The story behind The Wrath of the Four Horsemen

After five years of stop-start-stop-start, my first novel The Wrath of the Four Horsemen is almost finished. I have completed all the chapters and am now plugging away at some rewrites before sending the whole lot off to be proofread.

How it began: a journal

I’d been diagnosed with testicular cancer for the second time as it had come back in the lungs. I was lounging on the bed waiting for the chemo to begin when I decided to write a journal for my young daughters to read when they were older – just in case I didn’t make it through this time.

As the treatment progressed, my body deteriorated quite quickly. I’d had chemo before and thought I’d be able to cope reasonably well, but nothing could’ve prepared me for the horrors to come. GAMEC – pure evil.

The previous chemo, BEP, wasn’t pleasant either – I lost all my hair, vomited for days on end and lost two stone in weight – however, unpleasant as it was, I could cope with it. After a week or so the sickness and side effects calmed down quite quickly and I’d resume a semblance of normality again.

GAMEC though was brutal. Not only did I lose all my hair, I lost my fingernails and toenails too. The vomiting and sickness lasted for weeks at a time and were much more violent. I had diarrhoea half the time and painful mouth ulcers the other half. I was bedbound by the end of the second cycle and lost a total of four and a half stone in weight.

I was in such a bad way, the life was literally draining from me. Maybe it was my age (mid-forties) or that I’d already endured four rounds of chemo a few months earlier – perhaps my body wasn’t naturally strong enough to cope. Whatever the reason, I was going downhill pretty quickly and instinctively knew I might not last the course.

Writing for my life

I also realised that if my body couldn’t cope, my mind would have to stay strong. Anyone who’s been incarcerated – whether its a hospital bed, prison or shut in your room for being naughty – will have probably experienced that sensation of time slowing down, especially at night when it’s just you, the bed and the darkness. Fear, anxieties, suffering and pain, they’re  all exacerbated and amplified to excruciating levels.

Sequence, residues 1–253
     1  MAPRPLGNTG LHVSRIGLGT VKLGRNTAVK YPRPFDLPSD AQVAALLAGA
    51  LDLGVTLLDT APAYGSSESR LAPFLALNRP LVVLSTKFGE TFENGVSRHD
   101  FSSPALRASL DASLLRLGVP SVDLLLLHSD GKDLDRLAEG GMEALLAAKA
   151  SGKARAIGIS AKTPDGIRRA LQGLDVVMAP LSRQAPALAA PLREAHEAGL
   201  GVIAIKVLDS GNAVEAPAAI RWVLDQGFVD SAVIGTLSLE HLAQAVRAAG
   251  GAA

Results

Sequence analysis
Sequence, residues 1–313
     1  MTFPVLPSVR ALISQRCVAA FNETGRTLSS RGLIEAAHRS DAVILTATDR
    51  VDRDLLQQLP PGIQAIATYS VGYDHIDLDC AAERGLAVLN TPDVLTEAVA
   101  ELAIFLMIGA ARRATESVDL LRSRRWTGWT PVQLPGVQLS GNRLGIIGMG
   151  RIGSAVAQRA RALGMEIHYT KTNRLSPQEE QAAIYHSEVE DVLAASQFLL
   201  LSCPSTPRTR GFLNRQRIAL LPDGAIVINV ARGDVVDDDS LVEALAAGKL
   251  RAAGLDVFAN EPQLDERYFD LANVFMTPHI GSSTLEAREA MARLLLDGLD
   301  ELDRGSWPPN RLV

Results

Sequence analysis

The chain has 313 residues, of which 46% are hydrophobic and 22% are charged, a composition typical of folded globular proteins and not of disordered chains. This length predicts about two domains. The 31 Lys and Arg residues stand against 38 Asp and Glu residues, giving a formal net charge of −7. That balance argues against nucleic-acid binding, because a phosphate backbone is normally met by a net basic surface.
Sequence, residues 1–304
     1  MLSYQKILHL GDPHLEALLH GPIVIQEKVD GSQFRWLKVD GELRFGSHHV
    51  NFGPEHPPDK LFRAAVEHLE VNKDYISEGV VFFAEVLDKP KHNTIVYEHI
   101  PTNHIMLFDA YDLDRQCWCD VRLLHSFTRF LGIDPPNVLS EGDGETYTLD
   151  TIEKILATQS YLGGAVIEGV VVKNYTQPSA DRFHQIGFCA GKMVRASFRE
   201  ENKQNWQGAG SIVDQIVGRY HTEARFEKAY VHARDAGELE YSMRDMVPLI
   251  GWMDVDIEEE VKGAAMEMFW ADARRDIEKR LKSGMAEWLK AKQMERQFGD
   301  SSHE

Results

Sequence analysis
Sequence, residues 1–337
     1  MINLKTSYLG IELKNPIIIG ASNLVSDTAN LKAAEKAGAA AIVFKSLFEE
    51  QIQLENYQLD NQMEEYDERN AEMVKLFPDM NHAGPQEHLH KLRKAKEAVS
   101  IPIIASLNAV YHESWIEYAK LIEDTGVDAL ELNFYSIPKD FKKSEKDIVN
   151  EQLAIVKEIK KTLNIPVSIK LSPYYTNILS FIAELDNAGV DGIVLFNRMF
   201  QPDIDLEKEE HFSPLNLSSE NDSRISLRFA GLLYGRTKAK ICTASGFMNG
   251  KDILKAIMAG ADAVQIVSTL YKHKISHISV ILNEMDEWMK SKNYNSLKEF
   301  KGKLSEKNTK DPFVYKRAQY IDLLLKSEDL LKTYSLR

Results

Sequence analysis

I retreated inside my own mind. Although I was on morphine to numb the pain from the mouth ulcers, it didn’t really open my mind up. I had hallucinations but they were always the same: paranoia and the bed tipping up.

Instead I created a world within a world, an inner sanctuary where I could think and offload my problems. Reality and fantasy were woven together in my imagination. I wrote down everything that came into my head. By combining my thoughts, memories, fears, hopes and funnelling them onto the paper I created a new story. When I became too ill to write, the story continued unabated in my head.

This helped me push my problems, my battles, my questions – low white cells, infections, questions about afterlife, religion – and basically everything that was bugging me into abstractions so that my mind became more involved with the character in the story than the real one. I was more concerned about fitting my real-life problems into my made-up story. In those long hours of inactivity, solitude and darkness I was working out story lines, plots and characters.

Monsters from the Id

Low white cells became snowmen battling ferocious monsters from deep within the Black Forest; transfusions to replenish red cells transformed into a quest for a haemoglobin goldfish, which belonged to a family of seaside gypsies.

It may seem strange – and at times somewhat surreal – but this was my way of getting through a life-threatening, horrific ordeal. Once my body had become totally exhausted and unable to fight any more, my mind continued to drag me through.

We are all unique; we have different fears, strengths, weaknesses, hopes and circumstances. Because of this, our traumas are personal and however strange or crazy, we have to cope using our particular idiosyncrasies and strengths. I’ve always been a slacker, someone who’s mind is hardwired to the easy option so I used my imagination, because that’s what I’m good at. If I’d tried gritting my teeth and toughing it out, I would’ve probably failed miserably.

I’m not advocating in any way that my train of thought helped defeat the cancer. My imagination helped me get through an incredibly brutal and harrowing experience, but without the chemo or the skill and help of all the doctors (especially The Guv’nor), nurses, support staff, and my family and friends, it would’ve all been in vain.

Post chemo

Once I’d finished my treatment and returned home I stopped writing until almost a year later when I suffered a few panic attacks and flashbacks. This propelled me to scoop up all my notes and commit them to the  laptop – I was determined to finish the story. Over the course of the next four years I sporadically pieced my notes together (in between starting my own business), adding bits along the way to create the whole story.

I’m still here. I’ve almost finished writing the book. Read more about The Wrath of the Four Horsemen.